As I write, the clock is ticking down to The Big Day. The caterer knows how many chickens to slaughter, and the deejay knows he's not getting paid if I hear one damn note of the Macarena.
A wedding is a great reminder of power and its limitations. I can write the vows that dictate how we're going to treat each other every day from here on out (yeah, right). I can squeeze Christianity and Judaism into a twenty-minute ceremony. But I can't look bad while I'm doing it. A bride could bitch-slap the caterer, and everyone would smile as long as she looked fresh and dewy while doing it.
Linda Sargent knows what I'm saying, and she examines the power of appearance over action in the play I Read About My Death in Vogue Magazine. A comic look at the past forty years of the women's movement, the piece is part of Red Hen feminist theater's staged reading series, "Feminism Is Funny."
The play focuses on "five women who represent different stereotypical career paths a writer, an anti-imperialist, a women's studies professor, an ecologist, and a single mother/construction worker."
Equally important in the play are portrayals of the media and the fashion world, which conspire to define these women more adamantly than they can define themselves. The sixties woman might have been talkin' revolution, but Sargent insists the media were more concerned with the "riot of hair" and "militant makeup" she wore to the gas raids and sit-ins.
Sargent's is one of three plays being staged for "Red Hen Rehearsals," an annual series that emphasizes content over production values. Director Harriett Logan says, "Our chief objective is to stage a bunch of plays quickly and inexpensively, so we can create as much exposure as possible."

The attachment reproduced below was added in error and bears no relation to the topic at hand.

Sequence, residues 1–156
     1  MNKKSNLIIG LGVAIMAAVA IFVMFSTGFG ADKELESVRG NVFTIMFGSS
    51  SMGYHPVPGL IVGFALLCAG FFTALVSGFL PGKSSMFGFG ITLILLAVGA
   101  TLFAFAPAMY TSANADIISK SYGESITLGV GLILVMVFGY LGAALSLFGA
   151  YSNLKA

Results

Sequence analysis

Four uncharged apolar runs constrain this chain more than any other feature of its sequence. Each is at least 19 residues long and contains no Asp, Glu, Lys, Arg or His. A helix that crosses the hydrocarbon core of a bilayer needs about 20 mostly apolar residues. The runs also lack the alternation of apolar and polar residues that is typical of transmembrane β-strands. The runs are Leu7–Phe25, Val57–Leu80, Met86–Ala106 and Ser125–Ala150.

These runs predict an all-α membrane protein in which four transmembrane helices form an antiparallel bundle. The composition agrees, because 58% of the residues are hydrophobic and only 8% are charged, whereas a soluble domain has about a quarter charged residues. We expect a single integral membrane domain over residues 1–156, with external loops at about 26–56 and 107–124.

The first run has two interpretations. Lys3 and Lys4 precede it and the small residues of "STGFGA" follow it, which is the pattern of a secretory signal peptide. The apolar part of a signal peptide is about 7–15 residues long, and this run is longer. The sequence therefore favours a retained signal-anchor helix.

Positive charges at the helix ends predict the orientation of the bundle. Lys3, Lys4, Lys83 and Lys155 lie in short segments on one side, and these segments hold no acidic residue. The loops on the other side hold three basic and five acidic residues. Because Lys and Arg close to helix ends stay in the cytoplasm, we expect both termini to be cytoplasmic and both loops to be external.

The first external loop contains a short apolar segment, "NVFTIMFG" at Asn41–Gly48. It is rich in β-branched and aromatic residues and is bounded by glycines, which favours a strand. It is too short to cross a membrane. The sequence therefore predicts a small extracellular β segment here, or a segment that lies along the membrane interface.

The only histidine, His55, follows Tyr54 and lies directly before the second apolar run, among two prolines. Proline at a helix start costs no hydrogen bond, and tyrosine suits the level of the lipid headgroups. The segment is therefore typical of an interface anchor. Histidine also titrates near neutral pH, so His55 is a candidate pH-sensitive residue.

Also on the docket are Sex, a play written by Mae West in 1926 and directed by Jeffrey Allen, and Battered on Broadway, written by Caroline Gage and directed by Karen Gygli.
Logan insists that "despite its title, Sex really isn't that risqué." As much a play about class as about feminist issues, Sex is the story of a working girl (who was played by West in the original) looking for financial stability.
Sex caused a stir when it played in the '20s. Logan says, "People tried to close it down, and it certainly began (West's) reputation as a scandalous woman." It was, naturally, a big success.
The plot involves a blackmailing scheme that pits our lovable whore against a rich Connecticut housewife looking for thrills. But the play's appeal is its humor, Logan says. It's slapstick, but "the elements of the play that were so shocking back in '26 are also really funny, because we understand now that it's so very silly."
Battered on Broadway brings together the heroines of the heyday of American musical theater Sally Bowles, Eliza Dolittle, et al. to plan a fund raiser for a battered women's shelter. Once the apple-cheeked darlings of a misogynist genre, these aging characters now share stories of abuse and help women like themselves.
The women in Battered cope with their painful pasts in various ways. Some have moved on, while others quietly seek revenge. And then there's Li'l Orphan Annie. "She's been emotionally battered and abused by Daddy Warbucks, and she's very vocal and strident about it," Logan says. When she calls a press conference, the others take issue with her noisy tactics. Logan admits that "it sounds a bit macabre, but there's humor when you have such different strategies clashing." Joan Smith/Friedman